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The threat from far-right extremism has become an increasing concern for the policing, intelligence and security services in the UK. The murder in June of Labour MP Jo Cox by Thomas Mair, as well as the 2013 murder in Britain of Muhammed Saleem by Ukrainian student Pavlo Lapshyn (who also attacked three mosques with improvised explosive devices), highlights this threat, which exists alongside that of violent Islamism.
A RUSI-led study showed that extreme right-wingers constituted a third of lone-actor terrorists in Europe over the last fifteen years. In addition, the Global Terrorism Index 2015 estimated that across the West violent Islamists accounted for only 20% of deaths from lone-actor attacks, with the others being attributed to ‘a mixture of right wing extremists, nationalists, anti-government elements, other types of political extremism and supremacism’. While most of these are small-scale or unsuccessful, extreme right-wingers can and have mounted mass-casualty attacks, notably in the US in 1995 and Norway in 2011.
The conviction in November of neo-Nazi Mair for Cox’s murder, which occurred just a few days before the 23 June referendum on the UK’s continued membership of the EU, has made apparent the dangerous and multifaceted reality of far-right extremism and terrorism. As aspects of the political mood in the UK become more desensitised to anti-immigration arguments as well as anti-European and anti-Islam discourses, it is within these spaces that some feel compelled to transform their political and ideological beliefs into violent extremism.
However, the resurgence of the far-right is not just a major threat to security. They promote a certain ethno-national identity and an associated politics of memory that is both myopic and inward-looking. And particular to that is the idea of Englishness as an identity trumping and surpassing that of Britishness; the former is presented as a distinct ethnic category whereas the latter is seen as a cultural and legal category. This tendency creates huge obstacles to the promotion of social cohesion and tolerance in society.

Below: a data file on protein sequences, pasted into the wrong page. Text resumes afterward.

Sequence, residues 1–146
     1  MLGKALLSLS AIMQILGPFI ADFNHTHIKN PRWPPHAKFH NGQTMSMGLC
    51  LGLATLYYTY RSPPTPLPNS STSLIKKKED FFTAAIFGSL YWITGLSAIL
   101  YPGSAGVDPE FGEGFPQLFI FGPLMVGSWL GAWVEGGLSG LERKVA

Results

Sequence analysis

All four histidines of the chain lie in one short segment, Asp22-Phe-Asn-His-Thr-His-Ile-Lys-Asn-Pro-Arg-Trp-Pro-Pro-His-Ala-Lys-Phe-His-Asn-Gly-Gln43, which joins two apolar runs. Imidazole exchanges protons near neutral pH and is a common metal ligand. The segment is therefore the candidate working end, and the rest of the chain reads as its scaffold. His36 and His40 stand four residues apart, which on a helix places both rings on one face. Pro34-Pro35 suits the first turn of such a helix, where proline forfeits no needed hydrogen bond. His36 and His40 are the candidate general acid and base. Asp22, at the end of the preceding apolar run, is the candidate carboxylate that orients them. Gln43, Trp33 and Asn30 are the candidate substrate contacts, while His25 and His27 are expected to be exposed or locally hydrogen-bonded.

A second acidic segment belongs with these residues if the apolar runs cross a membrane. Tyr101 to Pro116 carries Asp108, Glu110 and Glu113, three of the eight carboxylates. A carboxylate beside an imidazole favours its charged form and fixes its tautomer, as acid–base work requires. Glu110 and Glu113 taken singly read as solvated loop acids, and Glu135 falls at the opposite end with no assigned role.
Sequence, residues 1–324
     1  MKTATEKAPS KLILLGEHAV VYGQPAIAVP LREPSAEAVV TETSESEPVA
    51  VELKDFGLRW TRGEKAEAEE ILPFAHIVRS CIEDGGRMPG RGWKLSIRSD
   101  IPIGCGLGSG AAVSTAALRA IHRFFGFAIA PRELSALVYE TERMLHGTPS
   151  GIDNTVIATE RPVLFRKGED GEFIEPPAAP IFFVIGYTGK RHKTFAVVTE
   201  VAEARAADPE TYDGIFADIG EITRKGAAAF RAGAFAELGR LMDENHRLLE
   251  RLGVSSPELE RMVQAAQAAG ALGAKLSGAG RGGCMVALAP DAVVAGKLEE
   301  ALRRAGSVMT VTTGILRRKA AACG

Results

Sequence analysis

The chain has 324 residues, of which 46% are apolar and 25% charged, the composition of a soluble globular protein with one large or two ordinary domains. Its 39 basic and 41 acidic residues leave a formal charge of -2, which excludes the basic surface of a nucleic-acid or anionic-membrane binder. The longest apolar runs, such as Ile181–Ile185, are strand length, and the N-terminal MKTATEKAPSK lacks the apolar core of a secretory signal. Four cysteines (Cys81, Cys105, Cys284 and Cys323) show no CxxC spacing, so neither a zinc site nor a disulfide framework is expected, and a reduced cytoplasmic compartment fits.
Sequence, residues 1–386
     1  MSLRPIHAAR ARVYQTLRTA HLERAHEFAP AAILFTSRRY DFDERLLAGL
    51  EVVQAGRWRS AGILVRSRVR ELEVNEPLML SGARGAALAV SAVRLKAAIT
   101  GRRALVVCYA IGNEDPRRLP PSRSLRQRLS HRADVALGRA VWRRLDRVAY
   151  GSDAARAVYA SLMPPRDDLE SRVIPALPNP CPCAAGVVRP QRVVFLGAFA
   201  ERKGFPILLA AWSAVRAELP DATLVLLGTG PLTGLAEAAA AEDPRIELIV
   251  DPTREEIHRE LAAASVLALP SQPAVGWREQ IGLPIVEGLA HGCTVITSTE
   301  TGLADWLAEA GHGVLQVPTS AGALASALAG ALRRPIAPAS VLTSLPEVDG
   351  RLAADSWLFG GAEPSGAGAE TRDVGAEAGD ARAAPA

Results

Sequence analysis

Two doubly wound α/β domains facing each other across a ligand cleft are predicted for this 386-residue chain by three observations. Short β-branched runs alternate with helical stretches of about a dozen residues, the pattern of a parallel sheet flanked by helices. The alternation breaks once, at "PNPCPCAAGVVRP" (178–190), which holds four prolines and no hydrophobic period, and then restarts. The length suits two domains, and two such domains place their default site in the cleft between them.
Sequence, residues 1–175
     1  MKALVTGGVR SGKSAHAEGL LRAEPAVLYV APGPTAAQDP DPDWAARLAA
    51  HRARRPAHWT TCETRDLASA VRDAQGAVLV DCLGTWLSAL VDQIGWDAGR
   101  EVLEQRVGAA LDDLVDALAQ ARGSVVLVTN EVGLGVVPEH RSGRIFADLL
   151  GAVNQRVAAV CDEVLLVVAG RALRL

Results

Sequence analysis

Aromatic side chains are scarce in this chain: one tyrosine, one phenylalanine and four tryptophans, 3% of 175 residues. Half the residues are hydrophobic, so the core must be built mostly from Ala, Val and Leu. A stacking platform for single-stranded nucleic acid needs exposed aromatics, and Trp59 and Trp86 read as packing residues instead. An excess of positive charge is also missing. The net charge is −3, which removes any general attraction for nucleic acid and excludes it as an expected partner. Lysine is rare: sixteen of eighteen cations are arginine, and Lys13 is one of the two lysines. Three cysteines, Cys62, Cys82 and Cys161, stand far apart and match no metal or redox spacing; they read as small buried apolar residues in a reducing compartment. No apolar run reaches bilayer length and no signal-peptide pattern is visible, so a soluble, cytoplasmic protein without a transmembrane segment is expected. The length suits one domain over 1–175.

Perhaps the most interesting issue here is the role of ideology. There are suggestions to indicate that Mair was inspired by David Copeland, who mounted three terrorist attacks, including the fatal bombing in April 1999 of the Admiral Duncan, a Soho pub popular with the gay community. Mair bought books on explosives and right-wing ideology two weeks after the pub bombing and Copeland’s arrest. Mair also kept a press cutting about the case of Anders Breivik, the Norwegian who murdered dozens of people (mostly teenagers and young adults) in and around Oslo in 2011.
The association between the different perpetrators here is a specific ideology, one that promotes anti-Muslim sentiment, but is also against Marxism, feminism, same-gender relationships and multiculturalism.
Sentencing Mair to a whole-life sentence, High Court Judge Mr Justice Wilkie said:
There is no doubt that this murder was done for the purpose of advancing a political, racial and ideological cause, namely that of violent white supremacism and exclusive nationalism most associated with Nazism and its modern forms.
The point being made here is that far-right extremist ideology and extremist violence are tantamount to terrorism.
And, in the wake of this verdict, some MPs are now demanding that ‘Britain First’ – an outfit to which Jo Cox’s murderer repeatedly referred during his trial – be classified as an extremist organisation under the Counter-Terrorism and Security Act 2015.
However, the reality remains that efforts to fight extremism have not yet taken into full consideration the threat from far-right groups. Jo Cox’s murder shows that the threat from far-right violent extremism is real.
Moreover, there is an online and offline community of right-wing ideologues who have created an ‘echo chamber’ of their views with a global reach. The same can be said of Islamist groups and this is regarded as a major component of radicalisation.
One lesson that can be drawn from the Jo Cox murder case and the trial’s verdict is on the role of ideology in processes of radicalisation.
In relation to the threat from Islamists, ideology is seen as central to violent decision-making processes. However, research suggests that it matters less than is often claimed, or that is more relevant only in the latter stages of transforming a vulnerable young person into a capable terrorist.
When it comes to far-right extremism, there is a tendency to underplay the role of ideology. This approach now needs to be altered, to reflect recent developments to patterns of violent extremism, increasingly witnessed in Europe and North America in recent periods.
For it is vital not to let the necessary attention paid to radical Islamism impede the wider work required to restrict all forms of violent extremism.
Banner image: The floral tribute to murdered Labour MP Jo Cox. Courtesy of Flikr/Garry Knight.